Can I Break A Lease If My Apartment Flooded

Break My Lease Can I Break A Lease If My Apartment Flooded

How to Break Your Lease After an Apartment Flood

A flooded apartment means disaster. Your possessions are ruined. You cannot use your apartment, and your landlord isn't working to get you back in the apartment as soon as necessary. You can break your lease after an apartment flood, but it may be a complex process--and you have plenty more on your plate to deal with in the aftermath of a flooded apartment.

DoNotPay can help you break your lease following a flooded apartment.

How Do You Know Breaking Your Lease is Justified After an Apartment Flood?

In general, breaking your lease is justified under several circumstances. 

  • You can break the lease if the apartment is not habitable. This may, for example, include damaged or moldy flooring after an apartment flood, or standing water in the apartment that you're struggling to get rid of. Each state has different health and safety standards, and many states require proof that the unsafe conditions are not the tenant’s fault.
  • The landlord harasses you or enters without permission. Your state's laws will determine how much notice a landlord has to give before entering your property for any reason. If your landlord barges in, tries to blame you for flood damage, or harasses you regarding payment for the damage, you may have the right to leave your apartment.
  • The landlord fails to take care of flood damage in a timely manner. You have the right to a safe apartment. Unfortunately, flooding can cause a lot of damage, much of which can be difficult to repair. If the landlord does not repair your apartment within a reasonable timeline, you may be able to break your lease and move.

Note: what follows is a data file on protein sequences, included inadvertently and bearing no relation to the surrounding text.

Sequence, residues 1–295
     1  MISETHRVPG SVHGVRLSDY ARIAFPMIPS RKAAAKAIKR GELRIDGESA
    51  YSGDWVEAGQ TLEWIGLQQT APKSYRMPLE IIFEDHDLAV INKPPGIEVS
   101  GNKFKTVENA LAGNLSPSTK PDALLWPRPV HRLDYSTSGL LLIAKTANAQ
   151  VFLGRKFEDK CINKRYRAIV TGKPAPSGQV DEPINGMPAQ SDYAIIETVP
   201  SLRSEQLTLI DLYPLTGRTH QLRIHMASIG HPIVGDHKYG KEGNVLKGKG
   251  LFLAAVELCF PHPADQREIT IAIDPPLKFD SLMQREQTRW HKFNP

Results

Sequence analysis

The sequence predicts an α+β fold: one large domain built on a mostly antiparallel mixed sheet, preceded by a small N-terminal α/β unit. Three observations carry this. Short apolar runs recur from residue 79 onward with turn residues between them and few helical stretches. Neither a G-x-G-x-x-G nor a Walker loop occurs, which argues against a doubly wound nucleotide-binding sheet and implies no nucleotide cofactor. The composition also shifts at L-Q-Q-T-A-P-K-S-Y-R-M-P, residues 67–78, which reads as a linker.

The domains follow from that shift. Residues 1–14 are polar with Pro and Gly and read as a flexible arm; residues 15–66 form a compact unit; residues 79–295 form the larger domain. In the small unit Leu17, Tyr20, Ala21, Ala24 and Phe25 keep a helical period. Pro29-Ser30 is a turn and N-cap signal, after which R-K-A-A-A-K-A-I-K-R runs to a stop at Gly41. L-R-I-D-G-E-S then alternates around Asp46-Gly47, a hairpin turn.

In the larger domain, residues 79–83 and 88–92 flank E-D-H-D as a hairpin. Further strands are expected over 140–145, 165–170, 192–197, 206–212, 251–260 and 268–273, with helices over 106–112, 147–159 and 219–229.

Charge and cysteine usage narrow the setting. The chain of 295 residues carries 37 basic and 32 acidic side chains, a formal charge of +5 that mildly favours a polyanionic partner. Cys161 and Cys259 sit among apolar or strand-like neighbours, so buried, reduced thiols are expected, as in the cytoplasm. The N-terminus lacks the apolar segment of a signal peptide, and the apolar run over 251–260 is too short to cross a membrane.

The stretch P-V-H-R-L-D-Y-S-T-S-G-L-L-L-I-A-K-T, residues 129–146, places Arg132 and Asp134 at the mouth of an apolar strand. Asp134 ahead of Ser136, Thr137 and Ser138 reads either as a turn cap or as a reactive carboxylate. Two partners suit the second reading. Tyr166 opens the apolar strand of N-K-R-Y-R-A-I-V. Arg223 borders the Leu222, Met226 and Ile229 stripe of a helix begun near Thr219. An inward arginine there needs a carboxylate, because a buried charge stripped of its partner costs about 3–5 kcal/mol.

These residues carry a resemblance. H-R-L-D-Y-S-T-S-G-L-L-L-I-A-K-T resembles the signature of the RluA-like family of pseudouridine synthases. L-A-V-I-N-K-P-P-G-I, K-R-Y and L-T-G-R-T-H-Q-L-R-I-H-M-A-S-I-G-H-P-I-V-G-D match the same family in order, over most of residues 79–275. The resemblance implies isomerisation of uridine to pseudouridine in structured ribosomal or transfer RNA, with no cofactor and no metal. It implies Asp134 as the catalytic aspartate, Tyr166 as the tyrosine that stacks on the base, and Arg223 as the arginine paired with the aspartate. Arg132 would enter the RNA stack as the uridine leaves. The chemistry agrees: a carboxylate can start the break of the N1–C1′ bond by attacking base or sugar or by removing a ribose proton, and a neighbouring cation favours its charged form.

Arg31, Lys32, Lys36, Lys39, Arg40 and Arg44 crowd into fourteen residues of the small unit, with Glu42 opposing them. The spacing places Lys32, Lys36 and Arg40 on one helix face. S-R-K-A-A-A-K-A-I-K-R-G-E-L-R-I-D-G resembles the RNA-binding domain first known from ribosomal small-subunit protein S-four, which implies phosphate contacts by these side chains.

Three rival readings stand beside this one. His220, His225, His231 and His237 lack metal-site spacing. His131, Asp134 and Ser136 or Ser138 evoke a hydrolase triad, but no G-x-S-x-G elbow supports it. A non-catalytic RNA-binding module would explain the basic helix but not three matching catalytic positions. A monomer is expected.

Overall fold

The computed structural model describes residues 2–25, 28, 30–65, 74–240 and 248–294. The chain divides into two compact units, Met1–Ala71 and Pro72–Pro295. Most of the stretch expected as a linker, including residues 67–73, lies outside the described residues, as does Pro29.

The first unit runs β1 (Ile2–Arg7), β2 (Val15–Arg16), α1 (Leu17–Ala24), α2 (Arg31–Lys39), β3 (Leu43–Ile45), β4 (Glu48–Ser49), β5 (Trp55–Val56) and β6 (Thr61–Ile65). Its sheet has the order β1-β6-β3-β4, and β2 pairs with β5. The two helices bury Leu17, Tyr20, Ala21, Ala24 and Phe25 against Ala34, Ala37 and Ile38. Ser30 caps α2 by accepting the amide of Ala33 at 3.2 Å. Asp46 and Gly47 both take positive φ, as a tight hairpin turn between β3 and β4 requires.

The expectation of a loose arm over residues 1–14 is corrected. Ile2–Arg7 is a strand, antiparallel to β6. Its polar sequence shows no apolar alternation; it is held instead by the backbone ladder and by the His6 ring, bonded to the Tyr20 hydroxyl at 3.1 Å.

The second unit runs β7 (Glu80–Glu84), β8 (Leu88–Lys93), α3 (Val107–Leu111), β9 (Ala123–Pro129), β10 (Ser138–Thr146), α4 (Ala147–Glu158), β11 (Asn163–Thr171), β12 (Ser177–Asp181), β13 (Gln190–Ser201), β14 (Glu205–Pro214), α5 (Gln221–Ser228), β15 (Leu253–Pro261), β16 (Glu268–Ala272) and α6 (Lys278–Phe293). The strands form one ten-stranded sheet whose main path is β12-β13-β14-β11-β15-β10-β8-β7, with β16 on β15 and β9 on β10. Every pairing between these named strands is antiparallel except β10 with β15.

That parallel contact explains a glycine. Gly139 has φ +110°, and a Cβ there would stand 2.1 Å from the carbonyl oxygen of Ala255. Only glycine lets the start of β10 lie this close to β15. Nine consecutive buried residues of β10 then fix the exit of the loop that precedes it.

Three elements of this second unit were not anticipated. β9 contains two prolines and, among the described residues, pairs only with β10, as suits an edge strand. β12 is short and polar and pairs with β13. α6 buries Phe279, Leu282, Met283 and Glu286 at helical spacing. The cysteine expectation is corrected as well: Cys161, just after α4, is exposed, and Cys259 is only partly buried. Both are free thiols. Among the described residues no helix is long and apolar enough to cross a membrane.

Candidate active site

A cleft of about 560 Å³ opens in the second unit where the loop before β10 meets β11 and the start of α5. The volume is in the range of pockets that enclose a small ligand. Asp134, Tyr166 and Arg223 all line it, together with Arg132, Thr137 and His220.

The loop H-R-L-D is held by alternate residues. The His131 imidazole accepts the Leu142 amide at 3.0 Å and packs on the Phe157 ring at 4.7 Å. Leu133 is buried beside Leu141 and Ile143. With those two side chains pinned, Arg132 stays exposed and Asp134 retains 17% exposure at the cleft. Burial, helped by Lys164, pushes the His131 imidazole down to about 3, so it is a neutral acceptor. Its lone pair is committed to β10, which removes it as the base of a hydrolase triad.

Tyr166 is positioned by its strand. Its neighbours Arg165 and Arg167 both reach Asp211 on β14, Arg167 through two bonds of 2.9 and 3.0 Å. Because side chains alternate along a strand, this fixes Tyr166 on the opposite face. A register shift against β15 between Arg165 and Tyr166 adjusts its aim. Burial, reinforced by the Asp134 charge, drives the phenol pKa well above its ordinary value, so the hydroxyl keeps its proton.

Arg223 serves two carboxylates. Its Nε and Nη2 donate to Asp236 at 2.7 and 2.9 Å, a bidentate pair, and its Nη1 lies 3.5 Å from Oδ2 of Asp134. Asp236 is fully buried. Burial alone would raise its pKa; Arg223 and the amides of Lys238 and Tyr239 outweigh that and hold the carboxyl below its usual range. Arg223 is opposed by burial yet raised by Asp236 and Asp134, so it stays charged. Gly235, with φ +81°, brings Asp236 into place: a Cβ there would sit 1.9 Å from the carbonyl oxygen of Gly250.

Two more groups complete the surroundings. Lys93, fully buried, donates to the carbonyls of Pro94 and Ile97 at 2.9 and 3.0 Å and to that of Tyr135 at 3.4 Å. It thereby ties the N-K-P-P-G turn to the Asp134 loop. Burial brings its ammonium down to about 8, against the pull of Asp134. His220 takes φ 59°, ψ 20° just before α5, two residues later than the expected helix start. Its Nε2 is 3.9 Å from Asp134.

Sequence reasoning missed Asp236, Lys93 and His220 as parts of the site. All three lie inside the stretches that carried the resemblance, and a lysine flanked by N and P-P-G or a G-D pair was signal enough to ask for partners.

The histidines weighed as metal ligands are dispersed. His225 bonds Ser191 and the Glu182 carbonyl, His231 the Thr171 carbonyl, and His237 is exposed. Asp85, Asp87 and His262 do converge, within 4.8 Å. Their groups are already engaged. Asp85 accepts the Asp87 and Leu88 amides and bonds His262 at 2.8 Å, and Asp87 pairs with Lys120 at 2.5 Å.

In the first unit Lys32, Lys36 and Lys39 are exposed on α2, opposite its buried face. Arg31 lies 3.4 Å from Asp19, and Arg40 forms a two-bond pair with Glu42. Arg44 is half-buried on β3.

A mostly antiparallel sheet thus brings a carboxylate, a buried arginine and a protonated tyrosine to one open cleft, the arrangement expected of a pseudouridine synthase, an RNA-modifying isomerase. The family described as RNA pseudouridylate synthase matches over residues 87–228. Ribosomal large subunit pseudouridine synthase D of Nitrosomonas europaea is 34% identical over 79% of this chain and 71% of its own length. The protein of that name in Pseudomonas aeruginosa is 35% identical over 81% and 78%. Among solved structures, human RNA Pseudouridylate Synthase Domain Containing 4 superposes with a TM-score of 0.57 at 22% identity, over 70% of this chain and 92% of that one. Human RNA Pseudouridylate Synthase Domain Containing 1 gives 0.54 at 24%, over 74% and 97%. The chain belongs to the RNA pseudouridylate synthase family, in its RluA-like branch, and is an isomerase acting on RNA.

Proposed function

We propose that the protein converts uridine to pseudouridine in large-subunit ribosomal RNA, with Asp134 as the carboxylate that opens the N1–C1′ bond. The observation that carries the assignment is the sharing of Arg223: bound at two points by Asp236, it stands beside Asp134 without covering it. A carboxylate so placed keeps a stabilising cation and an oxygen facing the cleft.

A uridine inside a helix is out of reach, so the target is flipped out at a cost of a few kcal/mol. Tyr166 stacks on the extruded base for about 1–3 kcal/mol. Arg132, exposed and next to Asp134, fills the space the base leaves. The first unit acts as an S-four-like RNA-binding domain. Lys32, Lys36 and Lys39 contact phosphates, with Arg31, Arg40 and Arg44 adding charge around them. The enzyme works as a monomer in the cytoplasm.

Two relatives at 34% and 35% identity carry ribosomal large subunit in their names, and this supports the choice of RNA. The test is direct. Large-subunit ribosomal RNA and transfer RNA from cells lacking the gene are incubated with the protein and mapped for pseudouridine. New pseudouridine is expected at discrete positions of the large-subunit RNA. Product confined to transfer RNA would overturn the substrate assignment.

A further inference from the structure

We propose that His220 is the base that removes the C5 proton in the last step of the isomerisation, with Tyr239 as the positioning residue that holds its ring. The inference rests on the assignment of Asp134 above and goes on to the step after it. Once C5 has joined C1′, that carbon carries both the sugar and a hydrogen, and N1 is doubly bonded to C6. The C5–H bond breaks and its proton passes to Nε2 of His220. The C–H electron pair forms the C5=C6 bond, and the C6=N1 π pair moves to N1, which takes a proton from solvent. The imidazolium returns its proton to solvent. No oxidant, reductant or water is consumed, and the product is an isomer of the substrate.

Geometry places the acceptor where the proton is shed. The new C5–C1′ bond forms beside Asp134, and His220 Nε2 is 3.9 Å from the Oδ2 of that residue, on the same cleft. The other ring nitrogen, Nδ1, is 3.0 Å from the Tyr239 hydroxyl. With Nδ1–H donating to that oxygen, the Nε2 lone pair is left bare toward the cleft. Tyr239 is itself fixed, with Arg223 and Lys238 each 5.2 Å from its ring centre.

There are other legal reasons to break your lease that are not related to flood damage, like active military duty or domestic violence.

How to Break Your Lease After an Apartment Flood

You may need to take several steps in order to break your lease after an apartment flood

  1. Notify your local Health and Safety board about the damage. The Health and Safety Board, depending on the area, may give your landlord a certain amount of time to take care of the damage, after which you may have the right to break your lease. 
  2. Let your landlord know about your intent to break the lease, in writing. While you can provide verbal notice of your intent to break the lease, it's critical to supply written notice so that you have a record.
  3. Wait, according to your state's laws and regulations, for the clock to run out. In some states, you may have to provide notice 30 days before you intend to break the lease, and you may have to pay rent until the lease runs out. 

What Are the Rules for Breaking a Lease in Your State?

Each state has slightly different renters’ laws, so it’s important to check your state’s before breaking your lease. Here is more information for each state:

TexasCaliforniaNew York
IllinoisNorth CarolinaOhio
GeorgiaVirginiaWashington State
ColoradoNew JerseyPennsylvania
South CarolinaMinnesota Alabama
Washington DCKansasKentucky
LouisianaNew MexicoArkansas
HawaiiUtahWest Virginia
New HampshireNebraskaMaine
IdahoSouth DakotaNorth Dakota
VermontRhode IslandMississippi

The Consequences of Illegally Breaking a Lease